Gentleman Jole and the Red Queen

Layout 1Gentleman Jole and the Red Queen by Lois McMaster Bujold (“A new Vorkosigan Saga Novel”)

When I read my first Bujold I was swept away by the phrasing, the characters, the world she built, and especially the sly, dry humor. Miles Vorkosigan is one of the best characters ever created in science fiction. I especially liked Brothers in Arms because it has Ivan too. Not as fond of her other more fantasy series though. This one should probably not be read until you have read all the others in the series because the entire book is peppered with references to past anecdotes that were full stories but do not carry the same punch as it would if you knew the characters involved.

p. 128 Like an army in the Time of Isolation, this reduced them to scavenging for provisions from the nearby civilian population.”

This is a highly amusing and appropriate way to describe how Cordelia and Jole, after a night in a cabin, go to the neighboring cottage that let them borrow the cabin to stay overnight. What a colorful and charming way to say “They went and got some breakfast at the landlords,”

p. 135 He laid out the plates and her tea with his usual military precision and then stood back and cleared his throat in the time-honored signal meaning, I am about to tell you something you don’t want to hear.”

 Isn’t that a great description! nothing  routine in the description of a routine. Serving food with “military precision” and instead of having Ryk simply say, “I have something to tell you” by coming at it from Cordelia’s perspective we get to know her character better, the dry humor, and the unspoken understanding between long time comrades.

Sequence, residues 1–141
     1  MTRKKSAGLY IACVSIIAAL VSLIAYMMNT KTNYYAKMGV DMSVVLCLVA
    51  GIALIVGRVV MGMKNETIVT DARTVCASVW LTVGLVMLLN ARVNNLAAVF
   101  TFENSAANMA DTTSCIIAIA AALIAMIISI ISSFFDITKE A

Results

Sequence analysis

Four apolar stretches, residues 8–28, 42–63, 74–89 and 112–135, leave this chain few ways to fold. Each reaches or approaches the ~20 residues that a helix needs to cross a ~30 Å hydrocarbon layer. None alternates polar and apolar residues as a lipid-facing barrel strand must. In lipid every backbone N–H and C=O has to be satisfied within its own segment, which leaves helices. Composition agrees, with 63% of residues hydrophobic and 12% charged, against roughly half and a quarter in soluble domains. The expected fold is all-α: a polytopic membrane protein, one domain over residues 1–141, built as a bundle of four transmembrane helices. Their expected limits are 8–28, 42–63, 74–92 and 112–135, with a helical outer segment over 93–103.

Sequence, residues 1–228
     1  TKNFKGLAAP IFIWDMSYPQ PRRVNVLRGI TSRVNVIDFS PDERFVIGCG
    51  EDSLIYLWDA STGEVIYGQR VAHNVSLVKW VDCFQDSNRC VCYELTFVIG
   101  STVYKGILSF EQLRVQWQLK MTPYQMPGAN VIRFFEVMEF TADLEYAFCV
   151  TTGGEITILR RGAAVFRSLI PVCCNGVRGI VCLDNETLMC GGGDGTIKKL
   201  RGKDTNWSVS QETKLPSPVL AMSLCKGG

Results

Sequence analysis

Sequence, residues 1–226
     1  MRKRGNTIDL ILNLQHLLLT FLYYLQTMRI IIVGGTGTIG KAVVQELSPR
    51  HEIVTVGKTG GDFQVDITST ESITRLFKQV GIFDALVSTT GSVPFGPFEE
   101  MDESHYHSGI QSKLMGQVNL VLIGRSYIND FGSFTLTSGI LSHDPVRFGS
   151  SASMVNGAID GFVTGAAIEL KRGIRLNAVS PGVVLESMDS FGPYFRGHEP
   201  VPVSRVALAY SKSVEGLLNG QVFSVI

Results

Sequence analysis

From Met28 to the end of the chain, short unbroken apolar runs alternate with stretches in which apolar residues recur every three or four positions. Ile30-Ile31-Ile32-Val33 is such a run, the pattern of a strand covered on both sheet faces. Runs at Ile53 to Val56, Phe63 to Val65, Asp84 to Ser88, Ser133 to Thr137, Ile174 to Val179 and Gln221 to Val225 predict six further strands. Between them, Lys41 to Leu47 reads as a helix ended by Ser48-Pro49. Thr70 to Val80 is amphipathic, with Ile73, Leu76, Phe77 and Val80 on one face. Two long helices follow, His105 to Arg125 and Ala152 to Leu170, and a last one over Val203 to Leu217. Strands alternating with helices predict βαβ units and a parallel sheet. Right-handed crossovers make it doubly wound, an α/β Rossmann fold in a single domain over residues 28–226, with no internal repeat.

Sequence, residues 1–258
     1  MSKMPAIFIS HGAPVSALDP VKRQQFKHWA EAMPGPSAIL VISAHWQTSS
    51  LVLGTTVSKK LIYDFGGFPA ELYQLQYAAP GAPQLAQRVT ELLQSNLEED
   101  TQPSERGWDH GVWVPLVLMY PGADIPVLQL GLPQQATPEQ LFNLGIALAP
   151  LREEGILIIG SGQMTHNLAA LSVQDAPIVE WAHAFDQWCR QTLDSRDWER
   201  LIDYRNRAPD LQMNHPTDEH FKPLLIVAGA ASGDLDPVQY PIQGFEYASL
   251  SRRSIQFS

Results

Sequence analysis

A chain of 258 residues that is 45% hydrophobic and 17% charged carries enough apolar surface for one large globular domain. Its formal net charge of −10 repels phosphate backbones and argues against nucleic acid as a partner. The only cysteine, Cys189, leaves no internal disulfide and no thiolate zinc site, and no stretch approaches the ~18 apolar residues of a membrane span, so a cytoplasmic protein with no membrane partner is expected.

Ghem Soren’s face pinched, trying to decode this; Kaya, sighing, translated, “That means no, Mikos.” Jole thought she knew very well it meant, Over my dead body,  but the lieutenant wouldn’t have been sent to him if she’d been as lacking in nous as some of the rank-and-file.”

Isn’t that great prose!  We learn that there are cultural differences that need requiring, diplomatically, and that Kaya has the respect and appreciation of her ability to grasp nuance. Plus the humor of the common but not truly serious phrase, over my dead body to most accurately establish his true opposition.

And the whole book is peppered with these types of character insights as if it were easy to come up with creative ways of describing feelings and thoughts while conveying complex characters consistent with a created world, and without boring descriptions. Fabulous writing, unfortunately this one leaves you dying for the arrival of Miles and he doesn’t show up until around page 182. Her previous books have you conditioned for some major disaster or invasion or rampage or something, but none of these things happen. So in the end it is a disappointing read more akin to silly romance stories with numerous bedroom situations dragged out unnecessarily slowly with too much hemming and hawing. But even though that is a bit tedious, she still comes up with phrases that amuse. For example, describing Cordelia and Oliver Jole who move from kissing to the bed, she says “Before they abandoned the vertical for a better axis. . . ” A much more inventive and world appropriate way of saying they laid down on the bed. Similarly, earlier when they move from a chair to the bed, the phrasing is pure Bujold: “The personnel transfer between vessels was accomplished without mishap, as Cordelia would have expected under Oliver’s command.”

A slow and tedious read broken by these moments of delightful phrasing to sum it up. But absolutely unreadable if you haven’t read the other books first because there are too many side references to them and the various factions and incidents that went before. This jumps us quite a bit into the future with Miles having toddler and even a bit older kids already.

Well, maybe she will give us another Ivan and Miles adventure for the next book. More action and less head games about life and love.




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